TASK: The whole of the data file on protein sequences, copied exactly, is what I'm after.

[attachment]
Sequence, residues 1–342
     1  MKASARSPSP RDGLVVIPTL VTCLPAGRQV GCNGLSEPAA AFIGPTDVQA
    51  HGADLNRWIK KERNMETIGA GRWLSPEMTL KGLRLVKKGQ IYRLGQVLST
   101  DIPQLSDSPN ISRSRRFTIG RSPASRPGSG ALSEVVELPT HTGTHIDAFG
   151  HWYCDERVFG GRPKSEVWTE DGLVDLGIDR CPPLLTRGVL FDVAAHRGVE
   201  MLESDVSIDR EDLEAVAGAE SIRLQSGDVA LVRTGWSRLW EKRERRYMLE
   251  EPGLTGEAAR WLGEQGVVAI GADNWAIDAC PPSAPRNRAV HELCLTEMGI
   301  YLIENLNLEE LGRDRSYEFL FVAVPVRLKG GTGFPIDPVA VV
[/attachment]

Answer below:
Sequence, residues 1–342
     1  MKASARSPSP RDGLVVIPTL VTCLPAGRQV GCNGLSEPAA AFIGPTDVQA
    51  HGADLNRWIK KERNMETIGA GRWLSPEMTL KGLRLVKKGQ IYRLGQVLST
   101  DIPQLSDSPN ISRSRRFTIG RSPASRPGSG ALSEVVELPT HTGTHIDAFG
   151  HWYCDERVFG GRPKSEVWTE DGLVDLGIDR CPPLLTRGVL FDVAAHRGVE
   201  MLESDVSIDR EDLEAVAGAE SIRLQSGDVA LVRTGWSRLW EKRERRYMLE
   251  EPGLTGEAAR WLGEQGVVAI GADNWAIDAC PPSAPRNRAV HELCLTEMGI
   301  YLIENLNLEE LGRDRSYEFL FVAVPVRLKG GTGFPIDPVA VV